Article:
THE creation of a powerful new ministry in Wales means the government is putting the environment and climate change "at the heart of decision-making," Mark Drakeford has said.

The first minister marked his return to office with an extensive shake-up of departmental responsibilities and cabinet roles, none bigger than the redistribution of several portfolios to a new and far-reaching ministry for climate change.

Housing, transport, planning and energy will be combined with responsibilities for the environment in the new portfolio, signalling the start of a more integrated approach to climate matters in the Welsh Government.

Mr Drakeford said the thinking behind the shake-up was that the new ministry "will bring together all the major drivers which contribute to climate change".

Heading the new department is Julie James, the Swansea West MS who served as the housing minister from 2018 until the recent Senedd election.

She will be supported by Llanelli MS Lee Waters, who will bring in his three years of experience from serving as Ken Skates' second-in-command as the deputy minister for economy and transport. Mr Waters is now the deputy minister for climate change.

READ MORE:

By giving responsibilities for transport and housing to Ms James, the first minister aims to ensure that all policy decisions in those areas will be made with climate change in mind.

"The climate change emergency has not gone away while we have been dealing with the pandemic," Mr Drakeford said. “Wales is a beautiful country with immense natural assets, which will help power our recovery and create the jobs of the future.

“In my new government, the environment doesn’t just have a seat at the Cabinet table, it will be a consideration in all we do.”

The move is similar in some ways to the legislation on future generations that was introduced by Mr Drakeford's predecessor, Carwyn Jones, and became law in 2016.

Since then, all public bodies in Wales have had to make sure all their decisions are made in a way that promotes community cohesion, health and prosperity in the long-term.

Likewise, in the new Senedd, Ms James' responsibility will likely include ensuring all Welsh Government policy on new infrastructure projects, energy schemes, and planning decisions can meet environmental targets and be justified in the context of Wales' current and future climate challenges.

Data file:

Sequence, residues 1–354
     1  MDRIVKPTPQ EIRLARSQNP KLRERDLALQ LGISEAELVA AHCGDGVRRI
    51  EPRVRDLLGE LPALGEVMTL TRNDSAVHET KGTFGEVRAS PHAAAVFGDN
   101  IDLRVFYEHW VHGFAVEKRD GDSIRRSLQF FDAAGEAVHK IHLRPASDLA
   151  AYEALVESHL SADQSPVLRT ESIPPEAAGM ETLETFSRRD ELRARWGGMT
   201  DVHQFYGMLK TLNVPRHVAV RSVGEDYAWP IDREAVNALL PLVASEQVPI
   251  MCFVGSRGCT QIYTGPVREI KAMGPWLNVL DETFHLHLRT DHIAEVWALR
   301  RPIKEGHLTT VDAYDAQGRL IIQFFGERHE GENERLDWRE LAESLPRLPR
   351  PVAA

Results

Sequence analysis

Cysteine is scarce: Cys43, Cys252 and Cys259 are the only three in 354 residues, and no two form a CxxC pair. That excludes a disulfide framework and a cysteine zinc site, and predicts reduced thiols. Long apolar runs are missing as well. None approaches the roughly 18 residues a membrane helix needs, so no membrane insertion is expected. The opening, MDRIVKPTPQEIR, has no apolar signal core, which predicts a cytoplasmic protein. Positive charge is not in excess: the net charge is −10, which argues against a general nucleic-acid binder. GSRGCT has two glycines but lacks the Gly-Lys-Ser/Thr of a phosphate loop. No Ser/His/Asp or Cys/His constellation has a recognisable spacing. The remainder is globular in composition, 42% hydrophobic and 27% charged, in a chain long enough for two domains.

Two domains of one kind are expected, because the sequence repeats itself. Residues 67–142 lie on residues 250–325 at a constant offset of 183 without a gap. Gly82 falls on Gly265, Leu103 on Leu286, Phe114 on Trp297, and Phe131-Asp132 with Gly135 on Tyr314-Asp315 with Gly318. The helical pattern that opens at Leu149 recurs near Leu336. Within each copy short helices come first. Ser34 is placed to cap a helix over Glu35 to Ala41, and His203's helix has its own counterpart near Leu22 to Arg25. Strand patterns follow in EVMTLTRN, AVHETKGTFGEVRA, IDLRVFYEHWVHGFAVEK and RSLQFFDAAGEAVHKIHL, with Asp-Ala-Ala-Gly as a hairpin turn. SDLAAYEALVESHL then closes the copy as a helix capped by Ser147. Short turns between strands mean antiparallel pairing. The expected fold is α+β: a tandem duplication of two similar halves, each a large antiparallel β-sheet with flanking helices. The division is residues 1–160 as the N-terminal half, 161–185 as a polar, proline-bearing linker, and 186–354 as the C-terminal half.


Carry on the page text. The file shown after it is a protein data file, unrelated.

The government has an existing target of reaching net-zero emissions by 2050. While Wales is currently the third-best recycling nation in the world, ministers are keen to claim the top spot. On energy production, there is a broad consensus across the parties that make up the current Senedd that Wales is yet to make the most of its vast capabilities for renewable power.

There is much to do, and the warnings this week that Wales was among the worst-performing countries for biodiversity preservation emphasised the speed at which the new government must act.

READ MORE: Wales 'at critical point' over biodiversity loss, says RSPB Cymru

The fine details of the new ministry's role and responsibilities are still being ironed out, but Mr Drakeford took time in the most recent Senedd session to lay out some of the projects that will be taken on: the abolition of more types of single-use plastics, a National Forest for Wales, and a new national park.

And in an early indication of how the new ministry may combine policy areas with climate in mind, he pledged to build 20,000 new social homes for rent that will be built to low-carbon standards.

"None is more pressing and none is more urgent than the climate and nature crisis we face," Mr Drakeford told Senedd members, adding: "All parties represented here during the election quite rightly signalled the need for bold steps to tackle the crisis we face. Now will be the time to translate that commitment into practical action."

The National is running its first Environmental Awards to celebrate the best green practices and climate-action projects across Wales.

The awards will shine a spotlight on the individuals, companies and organisations doing outstanding work to protect the environment and tackle climate change.

Find more information on the criteria and how to nominate here.

The National Wales: